The groundbreaking of Climeworks’ newest and largest direct air capture and storage plant represents a demonstrable step in the company’s ambitious scale-up plan: multi-megaton capacity in the 2030s, on track to deliver gigaton capacity by 2050. In September 2021, Climeworks began operations of Orca, its first-of-a-kind plant, kick-starting the supply availability of high-quality carbon removal.
Following a recent equity raise of USD 650m, Climeworks is focused on rapidly scaling-up capacity on the market. It will concentrate on implementing large modular direct air capture and storage facilities, investing in technological development, and growing its organization globally.
Mammoth is Climeworks’ 18th project and its second commercial direct air capture and storage plant. It is designed with a nominal CO₂ capture capacity of 36’000 tons per year when fully operational – an order of magnitude larger than its Orca. Located in Iceland, construction is expected to last 18-24 months before operations start.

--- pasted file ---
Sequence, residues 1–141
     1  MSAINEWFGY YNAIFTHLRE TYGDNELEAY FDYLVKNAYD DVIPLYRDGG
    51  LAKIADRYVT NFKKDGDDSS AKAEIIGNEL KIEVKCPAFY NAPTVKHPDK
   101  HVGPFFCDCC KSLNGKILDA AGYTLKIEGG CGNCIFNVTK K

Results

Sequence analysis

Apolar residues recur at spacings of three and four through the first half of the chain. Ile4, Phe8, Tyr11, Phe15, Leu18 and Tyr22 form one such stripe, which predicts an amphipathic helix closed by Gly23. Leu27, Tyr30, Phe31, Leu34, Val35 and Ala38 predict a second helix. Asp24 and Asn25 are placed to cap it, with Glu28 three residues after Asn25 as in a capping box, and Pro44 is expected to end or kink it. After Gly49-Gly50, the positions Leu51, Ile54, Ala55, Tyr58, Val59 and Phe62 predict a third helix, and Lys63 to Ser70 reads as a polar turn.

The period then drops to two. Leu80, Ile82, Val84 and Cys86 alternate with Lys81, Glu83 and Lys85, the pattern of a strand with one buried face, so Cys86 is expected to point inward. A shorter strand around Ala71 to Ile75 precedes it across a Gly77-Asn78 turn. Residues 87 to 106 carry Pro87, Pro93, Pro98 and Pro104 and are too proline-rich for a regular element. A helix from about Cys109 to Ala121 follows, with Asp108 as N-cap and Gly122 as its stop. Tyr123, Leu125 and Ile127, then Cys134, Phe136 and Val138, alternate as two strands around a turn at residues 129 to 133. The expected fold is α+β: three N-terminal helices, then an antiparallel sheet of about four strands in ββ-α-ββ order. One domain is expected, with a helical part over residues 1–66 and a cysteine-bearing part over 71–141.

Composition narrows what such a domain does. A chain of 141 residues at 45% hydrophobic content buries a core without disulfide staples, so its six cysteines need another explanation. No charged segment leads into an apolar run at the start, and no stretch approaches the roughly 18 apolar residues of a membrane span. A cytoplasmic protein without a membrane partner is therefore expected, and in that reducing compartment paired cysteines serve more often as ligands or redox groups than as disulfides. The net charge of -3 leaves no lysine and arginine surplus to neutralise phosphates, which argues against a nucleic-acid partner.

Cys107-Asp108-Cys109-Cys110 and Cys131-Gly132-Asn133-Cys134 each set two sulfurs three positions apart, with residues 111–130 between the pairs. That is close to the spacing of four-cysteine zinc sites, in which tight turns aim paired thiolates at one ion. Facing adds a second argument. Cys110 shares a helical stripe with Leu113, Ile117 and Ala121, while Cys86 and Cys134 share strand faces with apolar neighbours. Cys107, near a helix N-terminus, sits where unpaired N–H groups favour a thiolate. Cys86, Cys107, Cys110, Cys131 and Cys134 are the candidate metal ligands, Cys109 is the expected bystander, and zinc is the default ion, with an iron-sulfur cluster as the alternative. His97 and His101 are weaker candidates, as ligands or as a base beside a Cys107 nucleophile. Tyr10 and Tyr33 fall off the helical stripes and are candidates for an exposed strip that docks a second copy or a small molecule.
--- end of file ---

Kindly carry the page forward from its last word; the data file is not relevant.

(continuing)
Carbfix, Climeworks’ CO₂ storage partner, will provide the permanent underground storage of carbon dioxide. The Hellisheiði electricity power plant operated by ON Power will supply Climeworks’ Mammoth plant and the Carbfix CO₂ injection sites with renewable energy to run the entire direct air capture and storage process.
Mammoth is designed to further expand supply and provide engineering experience for Climeworks’ 10x scale-up steps. It capitalizes on a very dynamic market demand – with several 10-year offtake agreements signed over the last months – and technology learnings from operating Orca.
Access the full press release about Mammoth here.